EPPS et al v. SUPERIOR COURT OF JERSEY CITY et al, No. 2:2016cv02455 - Document 15 (D.N.J. 2017)

Court Description: OPINION. Signed by Judge Susan D. Wigenton on 4/20/2017. (ld, )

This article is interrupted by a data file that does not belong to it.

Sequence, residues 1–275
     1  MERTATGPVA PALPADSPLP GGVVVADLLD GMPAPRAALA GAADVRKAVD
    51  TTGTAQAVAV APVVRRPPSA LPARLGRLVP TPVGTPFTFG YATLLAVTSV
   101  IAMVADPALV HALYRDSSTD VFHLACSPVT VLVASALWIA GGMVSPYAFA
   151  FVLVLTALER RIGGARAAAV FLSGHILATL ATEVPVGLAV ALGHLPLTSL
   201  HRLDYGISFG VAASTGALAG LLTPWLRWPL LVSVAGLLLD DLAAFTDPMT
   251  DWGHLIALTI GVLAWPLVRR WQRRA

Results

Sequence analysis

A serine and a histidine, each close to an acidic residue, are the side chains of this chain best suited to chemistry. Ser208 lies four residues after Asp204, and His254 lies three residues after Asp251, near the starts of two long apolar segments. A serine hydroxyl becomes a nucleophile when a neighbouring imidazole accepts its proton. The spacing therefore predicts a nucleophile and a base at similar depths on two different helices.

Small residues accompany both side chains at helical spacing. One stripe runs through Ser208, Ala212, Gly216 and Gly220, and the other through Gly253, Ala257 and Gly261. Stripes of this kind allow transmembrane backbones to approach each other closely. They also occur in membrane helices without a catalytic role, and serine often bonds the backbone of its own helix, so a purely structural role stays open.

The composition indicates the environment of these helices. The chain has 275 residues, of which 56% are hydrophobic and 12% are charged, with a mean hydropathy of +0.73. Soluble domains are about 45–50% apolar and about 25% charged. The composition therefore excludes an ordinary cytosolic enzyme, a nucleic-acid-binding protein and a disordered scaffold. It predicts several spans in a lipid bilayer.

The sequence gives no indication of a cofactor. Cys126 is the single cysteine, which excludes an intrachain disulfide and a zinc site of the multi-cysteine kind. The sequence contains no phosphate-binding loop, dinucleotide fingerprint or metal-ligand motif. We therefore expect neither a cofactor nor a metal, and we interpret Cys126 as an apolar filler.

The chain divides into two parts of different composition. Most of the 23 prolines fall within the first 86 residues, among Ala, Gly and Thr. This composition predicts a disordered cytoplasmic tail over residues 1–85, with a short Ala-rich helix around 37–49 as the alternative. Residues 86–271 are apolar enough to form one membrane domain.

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EPPS et al v. SUPERIOR COURT OF JERSEY CITY et al Doc. 15 NOT FOR PUBLICATION UNITED STATES DISTRICT COURT DISTRICT OF NEW JERSEY CHAMBERS OF MARTIN LUTHER KING COURTHOUSE 50 WALNUT ST. NEWARK, NJ 07101 973-645-5903 SUSAN D. WIGENTON UNITED STATES DISTRICT JUDGE April 20, 2017 Tamara Epps 13 Woodlawn Avenue FL 1 Jersey City, NJ 07305 Pro Se Plaintiff Ashley Laura Costello Office of the Attorney General 25 Market Street P.O. Box 116 Trenton, NJ 08625 Counsel for Defendants Superior Court of New Jersey, Hudson Vicinage; Judge Salvatore Bovino; Nancy Domanski; and Michelle Finikin Michael L. Dermody Office of Hudson County Counsel Administration Building Annex 567 Pavonia Avenue Jersey City, NJ 07306 Counsel for Defendant Cheryl Kiernan LETTER OPINION FILED WITH THE CLERK OF THE COURT Re: Epps et al. v. Superior Court of Jersey City et al. Civil Action No. 16-2455 (SDW) (LDW) Litigants: Before this Court are Defendant Cheryl Kiernan’s Motion to Dismiss and Defendants Superior Court of New Jersey, Hudson Vicinage; Judge Salvatore Bovino; Nancy Domanski; and Dockets.Justia.com Michelle Finikin’s Motion to Dismiss Plaintiff Tamara Epps’ Complaint 1 pursuant to Federal Rule of Civil Procedure 12(b)(6). Plaintiff has not opposed either motion. This Court having considered the parties’ submissions and having reached its decision without oral argument pursuant to Federal Rule of Civil Procedure 78, and for the reasons discussed below, grants Defendants’ Motions to Dismiss. . I. DISCUSSION A. Standard of Review To survive a motion to dismiss under Federal Rule of Civil Procedure 12(b)(6), a complaint must include “a short and plain statement of the claim showing that the pleader is entitled to relief.” FED. R. CIV. P. 8(a)(2). This Rule “requires more than labels and conclusions, and a formulaic recitation of the elements of a cause of action will not do. Factual allegations must be enough to raise a right to relief above the speculative level[.]” Bell Atl. Corp. v. Twombly, 550 U.S. 544, 555 (2007) (internal citations omitted); see also Phillips v. Cty. of Allegheny, 515 F.3d 224, 231 (3d Cir. 2008) (stating that Rule 8 “requires a ‘showing,’ rather than a blanket assertion, of an entitlement to relief”). In considering a Motion to Dismiss under Rule 12(b)(6), the Court must “accept all factual allegations as true, construe the complaint in the light most favorable to the plaintiff, and determine whether, under any reasonable reading of the complaint, the plaintiff may be entitled to relief.” Phillips, 515 F.3d at 231 (external citation omitted). However, “the tenet that a court must accept as true all of the allegations contained in a complaint is inapplicable to legal conclusions. Threadbare recitals of the elements of a cause of action, supported by mere conclusory statements, do not suffice.” Ashcroft v. Iqbal, 556 U.S. 662, 678 (2009); see also Fowler v. UPMC Shadyside, 578 F.3d 203 (3d Cir. 2009) (discussing the Iqbal standard). B. Plaintiff Fails to State a Claim Upon Which Relief Can be Granted Plaintiff’s Complaint suffers from several deficiencies and thus will be dismissed. First, her Complaint is time-barred because it was filed after the expiration of the applicable statute of limitations period. The statute of limitations for § 1983 actions in New Jersey is two years. 2 See Backof v. New Jersey State Police, 92 F. App'x 852, 855 (3d Cir. 2004); see also N.J.S.A. § 2A:14– 2. These claims accrue “when the plaintiff knew or should have known of the injury upon which [her] action is based.” Giles v. City of Philadelphia, 542 F. App'x 121, 122–23 (3d Cir. 2013) (internal marks omitted). Plaintiff appears to allege the Superior Court of New Jersey and individual Defendants conducted an improper DNA paternity test and furnished Plaintiff’s family 1 Although both Tamara Epps and George Hopper are listed in the Complaint’s caption as Plaintiffs, it does not appear that George Hopper is actually a party to this litigation, as the Complaint is only signed by Ms. Epps. (See Dkt. No. at 5.) 2 Plaintiff does not bring her claims under a particular theory of liability, however this Court construes her Complaint as a civil action for deprivation of rights pursuant to 42 U.S.C. § 1983. 2 with false test results in 2005. (See Dkt. No. 1 at 3-5, 17, 18, 26). 3 As Plaintiff did not file her Complaint until May 2, 2016, her claims are barred by the applicable two-year statute of limitations.4 Plaintiff’s Complaint also fails because it names Defendant New Jersey Superior Court as well as individual Defendants in their official capacity, which are entitled to sovereign immunity under the Eleventh Amendment. 5 It is well established that “a suit against a state official in his or her official capacity is not a suit against the official but rather is a suit against the official's office. As such, it is no different from a suit against the State itself.” Will v. Michigan Dep't of State Police, 491 U.S. 58, 71 (1989) (internal citations omitted). Finally, the Complaint will be dismissed because this Court lacks subject matter jurisdiction over Plaintiff’s claims. There exists “a well-settled understanding that the Supreme Court of the United States, and not the lower federal courts, has jurisdiction to review a state court decision.” Parkview Assocs. P'ship v. City of Lebanon, 225 F.3d 321, 324 (3d Cir. 2000). This Court is prohibited “from adjudicating actions in which the relief requested requires determining that the state court's decision is wrong or voiding the state court's ruling.” Desi's Pizza, Inc. v. City of Wilkes-Barre, 321 F.3d 411, 419 (3d Cir. 2003). Adjudicating Plaintiff’s claims would require this Court to review the Superior Court of New Jersey’s Order in Plaintiff’s underlying family court matter, over which this Court has no subject matter jurisdiction. II. CONCLUSION For the reasons set forth above, Defendants’ Motions to Dismiss are GRANTED. An appropriate Order follows. SO ORDERED. ___/s/ /Susan D. Wigenton_____ SUSAN D. WIGENTON, U.S.D.J 3 For clarity, this Court will refer to the docket entry number for submissions filed electronically with the Court. 4 The New Jersey Superior Court, Hudson Vicinage denied an application filed by Plaintiff contesting these DNA results on September 26, 2007. (Dkt. No. 1 at 19-23.) The New Jersey Superior Court, Appellate Division affirmed this denial on October 23, 2008. (Id. at 39-41.) Nothing before this Court indicates Plaintiff ever filed any appeal to the New Jersey Supreme Court. 5 Defendant Judge Salvatore Bovino is also entitled to absolute judicial immunity for any alleged acts taken in his judicial capacity. See, e.g., Stump v. Sparkman, 435 U.S. 349, 355–56 (1978); Randall v. Brigham, 74 U.S. 523, 535–36 (1868); Figueroa v. Blackburn, 208 F.3d 435, 440 (3d Cir. 2000). 3 Orig: Clerk cc: Parties Leda D. Wettre, U.S.M.J. 4